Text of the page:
KUALA LUMPUR, Feb 22 — Attorney General Tan Sri Tommy Thomas should resign if he is unable to follow the government’s national security policy, Simpang Renggam MP Maszlee Malik asserted today.
The former education minister who was forced to resign last month, allegedly for bucking the Cabinet collective on certain policies, said Thomas had failed to follow government policy when he decided to drop prosecution of 12 Malaysians charged with supporting the Liberation Tigers of Tamil Eelam (LTTE).
“I ask Tan Sri Tommy Thomas to abide by the government policy and prioritise national security or relinquish his position as attorney general,” Maszlee said in a statement posted on his Facebook page.
He noted that Thomas had two roles to play, pointing out that as AG, he is the government’s legal adviser, and that his other role is as the public prosecutor.
Maszlee further noted Home Minister Tan Sri Muhyiddin Yassin has said the LTTE remains classified as a terrorist group as it is seen to be a threat to Malaysia’s public order and national security — even if the Sri Lankan separatist group was considered defunct following the end of a civil war in the island nation 11 years ago.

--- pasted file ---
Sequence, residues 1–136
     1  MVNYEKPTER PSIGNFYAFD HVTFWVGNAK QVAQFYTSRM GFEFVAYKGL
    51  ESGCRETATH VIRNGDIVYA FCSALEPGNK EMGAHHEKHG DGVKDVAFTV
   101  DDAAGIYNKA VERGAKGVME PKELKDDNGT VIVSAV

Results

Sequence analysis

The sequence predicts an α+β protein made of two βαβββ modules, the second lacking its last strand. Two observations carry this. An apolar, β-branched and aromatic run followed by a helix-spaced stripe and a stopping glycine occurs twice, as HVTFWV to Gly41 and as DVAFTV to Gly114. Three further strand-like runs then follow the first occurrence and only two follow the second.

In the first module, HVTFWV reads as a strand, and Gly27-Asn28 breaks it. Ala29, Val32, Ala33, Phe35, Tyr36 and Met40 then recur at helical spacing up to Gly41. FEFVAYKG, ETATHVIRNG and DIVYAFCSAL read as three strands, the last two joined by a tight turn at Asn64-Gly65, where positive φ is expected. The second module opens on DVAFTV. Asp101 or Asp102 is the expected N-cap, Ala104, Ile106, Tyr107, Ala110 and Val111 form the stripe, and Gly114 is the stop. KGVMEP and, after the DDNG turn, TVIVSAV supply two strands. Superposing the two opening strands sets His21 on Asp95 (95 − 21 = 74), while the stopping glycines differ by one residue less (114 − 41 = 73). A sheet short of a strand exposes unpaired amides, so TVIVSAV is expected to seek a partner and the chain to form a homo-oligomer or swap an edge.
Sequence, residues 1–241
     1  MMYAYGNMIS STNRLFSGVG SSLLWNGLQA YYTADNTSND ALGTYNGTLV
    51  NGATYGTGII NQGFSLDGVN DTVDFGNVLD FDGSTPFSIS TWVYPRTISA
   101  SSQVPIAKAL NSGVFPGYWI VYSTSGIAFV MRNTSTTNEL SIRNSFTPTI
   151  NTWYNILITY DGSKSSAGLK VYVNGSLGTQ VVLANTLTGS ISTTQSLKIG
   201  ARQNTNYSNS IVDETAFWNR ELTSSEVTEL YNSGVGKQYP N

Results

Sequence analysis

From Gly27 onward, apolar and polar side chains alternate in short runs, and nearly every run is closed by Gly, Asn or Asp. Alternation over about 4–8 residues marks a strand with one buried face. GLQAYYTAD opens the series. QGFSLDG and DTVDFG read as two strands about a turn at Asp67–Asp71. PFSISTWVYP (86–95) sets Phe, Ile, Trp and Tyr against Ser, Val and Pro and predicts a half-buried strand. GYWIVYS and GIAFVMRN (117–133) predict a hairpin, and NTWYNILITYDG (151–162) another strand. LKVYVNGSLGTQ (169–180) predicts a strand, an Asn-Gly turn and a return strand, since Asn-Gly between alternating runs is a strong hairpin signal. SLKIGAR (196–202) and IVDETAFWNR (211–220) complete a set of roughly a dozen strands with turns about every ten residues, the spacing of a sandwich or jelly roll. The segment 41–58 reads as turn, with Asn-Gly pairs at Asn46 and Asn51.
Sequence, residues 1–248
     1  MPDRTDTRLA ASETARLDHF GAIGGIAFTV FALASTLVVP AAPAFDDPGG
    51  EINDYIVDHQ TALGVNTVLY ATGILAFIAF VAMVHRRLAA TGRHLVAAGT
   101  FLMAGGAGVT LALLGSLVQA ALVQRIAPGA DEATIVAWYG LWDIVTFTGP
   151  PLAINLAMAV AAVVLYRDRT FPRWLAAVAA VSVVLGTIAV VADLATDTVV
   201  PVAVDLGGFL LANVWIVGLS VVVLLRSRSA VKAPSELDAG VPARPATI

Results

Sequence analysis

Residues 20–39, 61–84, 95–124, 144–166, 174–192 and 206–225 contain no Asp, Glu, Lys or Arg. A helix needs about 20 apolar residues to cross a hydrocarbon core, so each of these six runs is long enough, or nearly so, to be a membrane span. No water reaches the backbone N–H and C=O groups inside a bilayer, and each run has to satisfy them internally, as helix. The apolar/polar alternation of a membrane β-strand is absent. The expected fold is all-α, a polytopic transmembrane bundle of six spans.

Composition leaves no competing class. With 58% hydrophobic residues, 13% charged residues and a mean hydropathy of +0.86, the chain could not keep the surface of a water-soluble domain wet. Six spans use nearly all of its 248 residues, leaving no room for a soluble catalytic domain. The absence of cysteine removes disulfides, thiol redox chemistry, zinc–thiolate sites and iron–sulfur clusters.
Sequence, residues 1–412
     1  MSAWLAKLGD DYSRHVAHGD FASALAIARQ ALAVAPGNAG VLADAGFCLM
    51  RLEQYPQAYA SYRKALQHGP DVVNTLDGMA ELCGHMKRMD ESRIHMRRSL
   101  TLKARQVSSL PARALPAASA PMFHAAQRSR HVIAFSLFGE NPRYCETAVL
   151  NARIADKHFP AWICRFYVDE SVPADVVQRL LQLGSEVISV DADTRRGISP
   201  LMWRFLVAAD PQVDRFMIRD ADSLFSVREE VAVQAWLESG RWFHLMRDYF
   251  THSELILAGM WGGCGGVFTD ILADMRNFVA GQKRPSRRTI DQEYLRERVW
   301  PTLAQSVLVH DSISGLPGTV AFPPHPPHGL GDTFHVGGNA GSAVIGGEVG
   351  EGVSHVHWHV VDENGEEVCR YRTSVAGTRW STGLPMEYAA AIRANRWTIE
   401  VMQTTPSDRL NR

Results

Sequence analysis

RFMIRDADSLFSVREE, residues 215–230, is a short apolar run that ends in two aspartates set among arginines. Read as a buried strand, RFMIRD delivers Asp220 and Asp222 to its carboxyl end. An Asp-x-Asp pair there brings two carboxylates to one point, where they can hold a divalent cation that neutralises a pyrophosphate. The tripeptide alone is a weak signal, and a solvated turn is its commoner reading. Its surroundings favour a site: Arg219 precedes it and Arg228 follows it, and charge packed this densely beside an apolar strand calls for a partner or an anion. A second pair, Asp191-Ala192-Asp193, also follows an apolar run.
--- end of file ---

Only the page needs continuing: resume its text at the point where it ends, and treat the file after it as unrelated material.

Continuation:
“As long as the home minister does not change this, it remains the decision of the government responsible for national security through agencies and statutory bodies like the police,” he said.
“The attorney general’s failure to take into account the government’s policy before making decisions is not only wrong, but against his role as the federal government’s main legal adviser,” Maszlee, a Bersatu supreme council member, asserted.
Thomas has come under harsh criticism after announcing yesterday that he had found insufficient evidence for a “realistic prospect of conviction” against 12 Malaysians charged last October with supporting the LTTE.
He issued an exhaustive 11-page statement explaining the grounds for discontinuing the LTTE case and also exhorted the Home Ministry to relook the terror designation on the group.
However, Home Minister Tan Sri Muhyiddin Yassin has since responded and said the LTTE which was designated a terror group since 2014 will remain so.
Muhyiddin said the latest information still suggests the group remains a threat to Malaysia’s public order and national security.
Thomas reiterated today his assertion that the prosecution case would be hurt if it has continued as Section 66B(9) of the Anti-Money Laundering and Anti-Terrorism Financing and Proceeds of Unlawful Activities Act 2001 compels the home minister to conduct a review of orders every six months.
It is unclear if the Home Ministry had undertaken the review, or when.